Electronic Design

Shield Ultracapacitor Strings From Overvoltage Yet Maintain Efficiency

Although active cell voltage-equalization circuitry adds complexity, it has greater energy efficiency than passive techniques.

Many system applications require that capacitors be connected together, in series and/or parallel combinations, to form a "bank" with a specific voltage and capacitance rating. The most critical parameter for all capacitors, including ultracapacitors, is voltage rating. Subjecting almost any capacitor to a substantially higher voltage than it was designed to withstand usually results in an irreparably damaged, nonworking capacitor. This is especially true for ultracapacitors, so they must be protected from overvoltage conditions.

Capacitors typically have two voltage ratings. Whatever voltage the capacitor can sustain indefinitely, without damage or performance degradation, is called the continuous-working voltage. On the other hand, the voltage that a capacitor can handle for just a short period of time, like a few hundred milliseconds, is the momentary peak or surge rating.

When an ultracapacitor is subjected to more than a tolerable voltage, the organic electrolyte within the cell begins to decompose, producing a gaseous byproduct. If the overvoltage condition persists long enough, the pressure may build up until the safety vent on the ultracapacitor's package opens. Consequently, more of the electrolyte will decompose and vaporize until the ultracapacitor's effective internal resistance increases and becomes an open circuit.

In short, impressing more voltage on an ultracapacitor than it's rated to withstand usually necessitates replacement. Therefore, prevention is the most sensible practice, as it may effectively eliminate ultracapacitor repair and maintenance costs. It also eradicates other potential causes of equipment downtime.

After voltage rating, the two most significant parameters for all types of capacitors are their capacitance and equivalent series resistance (ESR). When many ultracapacitor cells are connected together in a series string, these three parameters are affected as follows:

Overall Voltage Rating Of A Series-Capacitor String: The total voltage that can be im-pressed across a string of capacitor cells connected in series equals the sum of each cell's individual voltage rating. Ultracapacitors are usually connected together in series so that they can be subjected to a higher voltage than the available individual cells are rated to withstand.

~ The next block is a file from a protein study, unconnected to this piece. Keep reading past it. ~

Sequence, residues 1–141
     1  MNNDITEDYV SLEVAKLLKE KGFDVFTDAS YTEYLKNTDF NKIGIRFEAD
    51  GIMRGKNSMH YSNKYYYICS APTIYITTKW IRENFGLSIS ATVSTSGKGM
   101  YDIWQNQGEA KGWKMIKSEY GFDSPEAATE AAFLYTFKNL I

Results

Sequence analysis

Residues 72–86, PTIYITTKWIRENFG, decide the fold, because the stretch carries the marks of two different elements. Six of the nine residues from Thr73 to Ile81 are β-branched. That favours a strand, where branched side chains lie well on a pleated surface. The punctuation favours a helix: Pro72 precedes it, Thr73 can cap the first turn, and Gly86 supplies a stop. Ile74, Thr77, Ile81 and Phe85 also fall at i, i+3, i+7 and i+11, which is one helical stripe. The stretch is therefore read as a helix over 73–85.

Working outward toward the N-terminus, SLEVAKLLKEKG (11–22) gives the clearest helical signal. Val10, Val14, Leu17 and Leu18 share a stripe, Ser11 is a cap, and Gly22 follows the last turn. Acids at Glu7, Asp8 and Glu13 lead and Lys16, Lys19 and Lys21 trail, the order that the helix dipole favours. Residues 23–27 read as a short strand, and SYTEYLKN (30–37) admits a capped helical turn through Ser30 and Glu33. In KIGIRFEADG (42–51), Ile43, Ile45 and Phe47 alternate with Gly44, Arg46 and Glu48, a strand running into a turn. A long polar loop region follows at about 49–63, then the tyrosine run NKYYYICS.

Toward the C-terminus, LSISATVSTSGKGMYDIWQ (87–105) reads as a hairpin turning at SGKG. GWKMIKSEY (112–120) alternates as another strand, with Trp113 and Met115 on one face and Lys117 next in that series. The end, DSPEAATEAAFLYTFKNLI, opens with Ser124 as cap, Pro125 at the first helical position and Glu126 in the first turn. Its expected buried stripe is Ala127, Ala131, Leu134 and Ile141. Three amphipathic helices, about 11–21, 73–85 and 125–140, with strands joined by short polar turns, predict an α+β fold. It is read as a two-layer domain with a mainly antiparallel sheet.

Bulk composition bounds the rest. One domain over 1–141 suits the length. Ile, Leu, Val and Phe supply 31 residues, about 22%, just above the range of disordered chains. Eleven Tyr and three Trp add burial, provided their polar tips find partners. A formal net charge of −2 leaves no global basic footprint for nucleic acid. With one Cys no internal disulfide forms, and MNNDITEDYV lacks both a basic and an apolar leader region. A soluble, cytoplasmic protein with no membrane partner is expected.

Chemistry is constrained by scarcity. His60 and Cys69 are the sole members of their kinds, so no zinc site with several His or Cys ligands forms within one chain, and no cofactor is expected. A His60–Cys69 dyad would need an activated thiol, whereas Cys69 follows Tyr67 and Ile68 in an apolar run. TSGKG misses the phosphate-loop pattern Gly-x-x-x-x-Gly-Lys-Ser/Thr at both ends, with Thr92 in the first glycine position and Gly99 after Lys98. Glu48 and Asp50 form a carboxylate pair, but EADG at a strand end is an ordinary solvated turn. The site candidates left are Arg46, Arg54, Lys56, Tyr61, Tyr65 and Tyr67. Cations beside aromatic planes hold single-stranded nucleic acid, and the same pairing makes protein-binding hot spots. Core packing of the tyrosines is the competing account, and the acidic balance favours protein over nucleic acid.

Overall Capacitance Value Of A Series-Capacitor String: The net capacitance of a string of capacitor cells is the reciprocal of the sum of the reciprocals of every cell's capacitance. This is most easily understood if all members of the string have equivalent capacitance value. Then, the capacitance of the whole string will equal the individual cell capacitance divided by the number of cells in the string. For example, connecting 100 cells, each with 1000 Farads (F) of capacitance in a series string, will produce an overall effective capacitance of 10 F.

Overall ESR Of A Series-Capacitor String: The total ESR of the string has the same cumulative characteristic as the cell voltage. In other words, it equals the sum of all individual ESR values. A 100-cell string with 5 mΩ of dc ESR each will have an overall dc ESR of 500 mΩ.

Capacitors connected in series are subject to the "weakest-link" principle. The poorest performer in the string sets the performance "pace" for the rest of the string. Therefore, five individual 500-F cells in series have 100 F of capacitance. Yet four 500-F cells in series with one 400-F cell each have only 95 F of capacitance.

Moreover, the failure of any component within the string effectively causes the unit to "fail" due to the serial connection be-tween the individual string members. In particular, an open circuit in any series-connected component effectively renders the entire string as open circuited. Plus, ultracapacitors eventually fail open circuit, so it's a significant concern when many cells are connected together in a long string. That's because the mean time between failure (MTBF) of any system is inversely proportional to the number of components in that system.

Need For Voltage Equalization: Because sustained overvoltage can cause an ultracapacitor to fail, the voltage across each cell in a series string must not exceed the maximum continuous-working-voltage rating of the individual cells in the string. Thus, preventing the voltage impressed upon each cell in the string from exceeding its continuous-working-voltage rating is the most important preventive measure for ensuring trouble-free operation during the string's life. The designer must either reduce the "rate of charge" being delivered to a cell, or completely stop charging a cell whose voltage approaches its surge-voltage rating.